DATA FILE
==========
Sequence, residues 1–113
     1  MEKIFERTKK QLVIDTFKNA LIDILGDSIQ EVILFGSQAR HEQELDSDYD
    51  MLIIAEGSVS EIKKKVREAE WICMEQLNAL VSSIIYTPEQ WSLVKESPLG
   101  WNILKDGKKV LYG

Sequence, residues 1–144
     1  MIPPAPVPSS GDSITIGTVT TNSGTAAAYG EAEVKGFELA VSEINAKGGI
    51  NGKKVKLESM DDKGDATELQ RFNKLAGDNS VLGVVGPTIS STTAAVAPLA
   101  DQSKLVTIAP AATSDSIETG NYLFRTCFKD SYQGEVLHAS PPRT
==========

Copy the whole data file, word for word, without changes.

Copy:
Sequence, residues 1–113
     1  MEKIFERTKK QLVIDTFKNA LIDILGDSIQ EVILFGSQAR HEQELDSDYD
    51  MLIIAEGSVS EIKKKVREAE WICMEQLNAL VSSIIYTPEQ WSLVKESPLG
   101  WNILKDGKKV LYG

Sequence, residues 1–144
     1  MIPPAPVPSS GDSITIGTVT TNSGTAAAYG EAEVKGFELA VSEINAKGGI
    51  NGKKVKLESM DDKGDATELQ RFNKLAGDNS VLGVVGPTIS STTAAVAPLA
   101  DQSKLVTIAP AATSDSIETG NYLFRTCFKD SYQGEVLHAS PPRT